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Title: From Refuge to Risk: Public Libraries and Children in World War I
Author(s): Kimball, Melanie A.
Subject(s): Libraries and society
World War I
Children in libraries
Public Libraries
Epidemics
Abstract: During World War I public libraries in the United States functioned in multiple ways as civic spaces. This was particularly true of libraries in large, urban centers with diverse ethnic populations, many from countries involved in the conflict. For children, the library was a refuge that provided story hours, reading material, and space dedicated to their needs. Just before the end of the war, the influenza pandemic broke out and children were not allowed in the library building. In a few short months, the library went from being a refuge to being a health risk for children.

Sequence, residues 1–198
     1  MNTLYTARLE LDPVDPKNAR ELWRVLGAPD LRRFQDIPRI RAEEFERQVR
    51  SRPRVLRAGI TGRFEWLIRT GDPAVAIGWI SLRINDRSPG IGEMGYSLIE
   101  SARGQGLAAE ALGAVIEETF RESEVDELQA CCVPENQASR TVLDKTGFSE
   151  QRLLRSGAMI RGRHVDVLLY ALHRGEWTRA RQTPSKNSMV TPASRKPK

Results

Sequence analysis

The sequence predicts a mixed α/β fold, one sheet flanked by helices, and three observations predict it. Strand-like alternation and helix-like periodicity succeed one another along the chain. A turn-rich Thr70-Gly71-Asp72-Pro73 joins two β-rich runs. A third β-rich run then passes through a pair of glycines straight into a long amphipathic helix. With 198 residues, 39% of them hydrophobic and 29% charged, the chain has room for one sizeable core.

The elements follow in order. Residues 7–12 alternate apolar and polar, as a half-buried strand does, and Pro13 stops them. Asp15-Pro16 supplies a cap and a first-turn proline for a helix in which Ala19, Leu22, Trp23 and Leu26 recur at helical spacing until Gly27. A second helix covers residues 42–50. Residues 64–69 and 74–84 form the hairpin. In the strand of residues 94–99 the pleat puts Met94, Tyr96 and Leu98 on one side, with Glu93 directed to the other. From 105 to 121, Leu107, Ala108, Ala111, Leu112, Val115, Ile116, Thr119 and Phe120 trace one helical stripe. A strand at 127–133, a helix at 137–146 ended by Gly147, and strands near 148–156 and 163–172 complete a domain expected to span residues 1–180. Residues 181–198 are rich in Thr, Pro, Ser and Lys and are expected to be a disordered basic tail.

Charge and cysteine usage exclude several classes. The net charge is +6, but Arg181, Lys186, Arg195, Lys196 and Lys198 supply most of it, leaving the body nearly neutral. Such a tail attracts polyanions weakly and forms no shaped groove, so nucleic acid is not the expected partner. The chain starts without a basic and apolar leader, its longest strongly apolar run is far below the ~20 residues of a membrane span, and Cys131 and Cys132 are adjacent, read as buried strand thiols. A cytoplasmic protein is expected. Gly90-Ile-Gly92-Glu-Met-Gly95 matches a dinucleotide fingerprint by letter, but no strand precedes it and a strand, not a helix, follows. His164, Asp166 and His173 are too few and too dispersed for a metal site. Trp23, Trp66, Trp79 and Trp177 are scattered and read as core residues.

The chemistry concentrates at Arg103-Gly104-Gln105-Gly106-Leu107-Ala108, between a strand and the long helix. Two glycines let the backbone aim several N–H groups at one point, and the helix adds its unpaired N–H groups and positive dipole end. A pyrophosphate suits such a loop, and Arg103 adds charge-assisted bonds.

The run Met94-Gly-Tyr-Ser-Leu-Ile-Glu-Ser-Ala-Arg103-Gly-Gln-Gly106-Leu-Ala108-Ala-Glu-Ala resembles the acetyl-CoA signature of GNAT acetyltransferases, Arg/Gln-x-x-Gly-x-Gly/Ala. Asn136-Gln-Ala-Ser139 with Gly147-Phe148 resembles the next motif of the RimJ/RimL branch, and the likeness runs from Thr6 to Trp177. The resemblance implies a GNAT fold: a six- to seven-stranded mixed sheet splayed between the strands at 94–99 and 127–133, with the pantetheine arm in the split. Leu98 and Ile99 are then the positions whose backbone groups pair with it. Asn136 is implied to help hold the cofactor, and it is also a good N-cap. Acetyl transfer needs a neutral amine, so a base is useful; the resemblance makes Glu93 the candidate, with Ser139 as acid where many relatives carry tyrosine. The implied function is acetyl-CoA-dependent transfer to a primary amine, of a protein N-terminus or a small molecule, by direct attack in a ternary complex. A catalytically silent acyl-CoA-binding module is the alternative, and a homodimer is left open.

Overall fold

Issue Date: 2007
Publisher: Johns Hopkins University Press and the Graduate School of Library and Information Science. University of Illinois at Urbana-Champaign.
Citation Info: In Library Trends 55 (3) Winter 2007: 454–463.
Genre: Article
Type: Text
Language: English
URI: http://hdl.handle.net/2142/3707
ISSN: 0024-2594
Publication Status: published or submitted for publication
Rights Information: Copyright 2007 Board of Trustees of the University of Illinois.
Date Available in IDEALS: 2008-02-28


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